Extraordinary commonality

2 01 2014

Falling snow and beach surf share so much.

They are as common as can be. They can be beautiful or terrible in turn. And I never tire of watching them.


The First Time…

21 12 2011

It has come to my attention that people can be very nervous about the “first time.”

No, not that.

I’m talking about buying that first piece of original art. How many times have I heard, “Oh, I’d love to collect art, but I don’t know where to begin.” or “If I only had the money.” Lingering over a special piece, coming back week after week to visit, telling their friends about it after the exhibition is over.

You know the one.

The painting that calls your name, catches your eye, draws you closer daring you to take it home… hm… maybe there are more similarities to that other thing than I thought.

I have always been drawn to own original works of art. Not large or expensive, but meaningful and endlessly pleasing. The art hanging on the walls of my home does not match current trends; each piece has a story. And that story continues to unfold as the years go by.

In the next few weeks I will present a primer in buying art. Not “what” to buy, but “why” and “how.”

It’s going to be amazing, I promise!


9 06 2011

Crane Beach. Often listed as one of the best beaches in the country.

It’s in Ipswich. Less than half an hour’s drive from my home. And it’s a beautiful drive past farms, lovely antique homes, and the Great Marsh. As close as it is, I don’t get down there enough. To tell you the truth, I could be there every day, and it still wouldn’t be enough.

The water’s usually too cold for swimming, but I can sit and watch the waves roll in for hours. The sunburn on the tops of my feet attest to the fact that I did just that on Memorial Day. But in addition to the wave action, the horizon is a particular fascination of mine.

What’s the big deal? The horizon is simply where it appears the water meets the sky. It doesn’t, of course. This is a optical illusion caused by the curvature or the earth. That is, if you believe the earth is round; I’m sure the flat-earth people have their own explanation.

Just like the sea itself, the horizon has different moods. Sometimes it is so sharp it almost cuts the eyes. On other, cloudier, days the line is blurred, the bluegray water dissolving into the paler sky. On a recent visit to the beach, it was impossible to differentiate between water and sky. The ambiguity was dizzying. My brain wanted a point of reference, but there was none.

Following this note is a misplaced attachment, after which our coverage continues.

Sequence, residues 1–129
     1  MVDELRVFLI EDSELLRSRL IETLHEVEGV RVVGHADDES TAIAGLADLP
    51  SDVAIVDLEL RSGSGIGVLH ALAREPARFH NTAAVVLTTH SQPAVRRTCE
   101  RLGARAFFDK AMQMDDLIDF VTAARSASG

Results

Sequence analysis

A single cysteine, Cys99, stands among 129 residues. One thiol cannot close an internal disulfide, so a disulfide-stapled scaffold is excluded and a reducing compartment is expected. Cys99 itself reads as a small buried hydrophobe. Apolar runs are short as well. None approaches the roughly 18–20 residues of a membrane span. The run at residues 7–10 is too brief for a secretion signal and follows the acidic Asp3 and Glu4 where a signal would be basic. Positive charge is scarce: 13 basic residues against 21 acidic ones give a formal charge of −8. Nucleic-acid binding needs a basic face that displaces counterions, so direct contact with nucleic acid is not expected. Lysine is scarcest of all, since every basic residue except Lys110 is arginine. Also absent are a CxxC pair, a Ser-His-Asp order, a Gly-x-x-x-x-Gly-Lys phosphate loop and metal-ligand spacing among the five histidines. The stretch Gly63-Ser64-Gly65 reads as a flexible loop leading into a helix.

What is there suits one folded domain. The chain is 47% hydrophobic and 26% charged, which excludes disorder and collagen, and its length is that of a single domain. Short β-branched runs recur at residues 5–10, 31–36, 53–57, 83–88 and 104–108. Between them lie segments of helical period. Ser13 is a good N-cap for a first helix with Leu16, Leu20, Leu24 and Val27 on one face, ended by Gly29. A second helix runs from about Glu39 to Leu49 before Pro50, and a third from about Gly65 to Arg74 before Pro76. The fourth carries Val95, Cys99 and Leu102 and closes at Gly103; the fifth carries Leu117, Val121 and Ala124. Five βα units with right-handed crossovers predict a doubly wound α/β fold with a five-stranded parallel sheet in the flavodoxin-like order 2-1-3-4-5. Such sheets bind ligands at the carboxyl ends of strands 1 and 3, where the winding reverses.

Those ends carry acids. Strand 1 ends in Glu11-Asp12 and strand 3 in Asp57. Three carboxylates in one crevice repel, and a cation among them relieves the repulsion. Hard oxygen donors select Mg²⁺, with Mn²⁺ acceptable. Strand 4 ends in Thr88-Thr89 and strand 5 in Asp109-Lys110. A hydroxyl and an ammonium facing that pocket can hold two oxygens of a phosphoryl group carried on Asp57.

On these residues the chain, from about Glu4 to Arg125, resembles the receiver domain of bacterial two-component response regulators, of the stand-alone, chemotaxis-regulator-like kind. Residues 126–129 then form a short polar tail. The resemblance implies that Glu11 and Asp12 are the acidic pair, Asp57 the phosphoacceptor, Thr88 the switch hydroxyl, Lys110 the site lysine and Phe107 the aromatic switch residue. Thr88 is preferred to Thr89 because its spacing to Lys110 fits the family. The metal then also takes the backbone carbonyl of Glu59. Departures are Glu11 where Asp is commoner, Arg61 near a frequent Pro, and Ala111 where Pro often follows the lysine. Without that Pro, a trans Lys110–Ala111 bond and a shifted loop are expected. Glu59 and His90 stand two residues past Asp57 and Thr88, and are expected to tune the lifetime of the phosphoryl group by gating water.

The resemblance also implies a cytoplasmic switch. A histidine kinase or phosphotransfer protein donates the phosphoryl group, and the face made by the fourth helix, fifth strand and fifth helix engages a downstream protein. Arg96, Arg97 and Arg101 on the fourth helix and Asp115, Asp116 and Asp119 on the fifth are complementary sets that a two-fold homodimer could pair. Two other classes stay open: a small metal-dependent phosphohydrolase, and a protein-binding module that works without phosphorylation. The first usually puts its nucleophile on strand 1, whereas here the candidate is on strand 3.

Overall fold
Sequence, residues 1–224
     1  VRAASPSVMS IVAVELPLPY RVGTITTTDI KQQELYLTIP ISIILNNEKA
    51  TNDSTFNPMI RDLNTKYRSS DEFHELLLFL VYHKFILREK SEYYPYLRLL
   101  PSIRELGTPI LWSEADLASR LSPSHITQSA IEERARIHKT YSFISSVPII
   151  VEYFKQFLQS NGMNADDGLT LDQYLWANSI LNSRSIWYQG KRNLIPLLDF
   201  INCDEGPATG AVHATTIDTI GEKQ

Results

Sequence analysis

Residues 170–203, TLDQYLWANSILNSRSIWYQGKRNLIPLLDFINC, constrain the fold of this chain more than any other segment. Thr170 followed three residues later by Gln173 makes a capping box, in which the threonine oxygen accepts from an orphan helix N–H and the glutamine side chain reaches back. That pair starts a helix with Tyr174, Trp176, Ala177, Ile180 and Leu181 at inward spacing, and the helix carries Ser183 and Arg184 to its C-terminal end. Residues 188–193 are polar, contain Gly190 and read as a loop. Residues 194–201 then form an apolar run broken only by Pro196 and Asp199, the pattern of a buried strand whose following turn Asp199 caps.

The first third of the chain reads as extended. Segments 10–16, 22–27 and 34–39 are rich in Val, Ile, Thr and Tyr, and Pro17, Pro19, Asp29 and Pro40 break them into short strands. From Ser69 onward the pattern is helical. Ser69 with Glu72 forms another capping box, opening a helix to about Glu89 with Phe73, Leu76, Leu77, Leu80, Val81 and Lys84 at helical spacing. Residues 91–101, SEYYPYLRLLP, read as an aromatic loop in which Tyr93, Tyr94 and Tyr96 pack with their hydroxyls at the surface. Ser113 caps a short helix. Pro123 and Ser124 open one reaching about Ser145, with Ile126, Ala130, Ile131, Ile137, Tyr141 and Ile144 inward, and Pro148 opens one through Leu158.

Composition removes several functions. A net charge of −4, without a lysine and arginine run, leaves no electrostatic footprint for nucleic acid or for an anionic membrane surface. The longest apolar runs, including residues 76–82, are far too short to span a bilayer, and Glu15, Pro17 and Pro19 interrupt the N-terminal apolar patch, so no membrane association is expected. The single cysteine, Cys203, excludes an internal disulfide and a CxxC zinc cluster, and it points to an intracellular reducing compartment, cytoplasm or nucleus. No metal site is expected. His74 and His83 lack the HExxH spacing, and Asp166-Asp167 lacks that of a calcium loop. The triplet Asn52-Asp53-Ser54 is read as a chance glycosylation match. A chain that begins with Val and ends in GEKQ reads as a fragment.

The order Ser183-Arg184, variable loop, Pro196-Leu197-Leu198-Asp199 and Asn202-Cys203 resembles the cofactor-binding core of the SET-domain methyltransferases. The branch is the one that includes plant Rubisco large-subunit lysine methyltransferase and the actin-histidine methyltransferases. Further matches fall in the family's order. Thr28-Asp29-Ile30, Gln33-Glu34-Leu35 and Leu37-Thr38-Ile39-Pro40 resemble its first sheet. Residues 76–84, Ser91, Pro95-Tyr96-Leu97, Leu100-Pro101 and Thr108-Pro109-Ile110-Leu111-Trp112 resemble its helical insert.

When I look to the future, I see the horizon… sometimes sharp, usually blurred, occasionally completely obscured.

Beach or trees?

10 02 2011

It was the biggest conflict we had.

While trying to choose where we wanted to live in New England, my husband and I agreed on most criteria: antique house, a bit more land than absolutely necessary, quiet neighborhood. But we went back and forth on whether we placed a higher priority on trees (living in a wooded area) or proximity to the ocean.

Ipswich solved the dilemma. With one foot on Crane’s Beach,

and the other deep in the woods of Outer Linebrook,

this town offered us the best of both. Our house is on the tree-y end of town but with ready access to the beach, we feel like we live “on the water.”

What we didn’t realize at the time, and have yet to take full advantage of is all the natural resources in between. There are walking trails in every part of town. Here’s a great website for maps and descriptions. A walking “club” meets every Wednesday to explore the various trails… Here’s their publicity blurb:

  • Weekly walks, sponsored by the Ipswich Bay Circuit Trail Committee, take place every Wednesday at 9:30 a.m. Meet at the Town Landing on East Street for a two-hour excursion. Explore trails in Willowdale State Forest, Bradley Palmer State Park, lands owned by the Town of Ipswich, Trustees of Reservations, Essex County Greenbelt, etc. Walks are scheduled mid-September to mid-June, with a short holiday break. Major snow, ice or steady rain cancels. All welcome. Questions?  Call Ed at 978-356-7196.

With this much snow on the ground, cross country skiing and snowshoeing are ways to enjoy these trails as well.

Another tremendous opportunity right here in town is the Ipswich River. Canoeing or kayaking on the river appears to be a perfectly lovely way to spend a (warmer) afternoon. (I remember canoeing with my family when I was a kid on the C&O Canal.) Foote Brothers have a good rental program those of us without our own canoes!

It might be a while before I get out and do this stuff, but it’s nice to dream…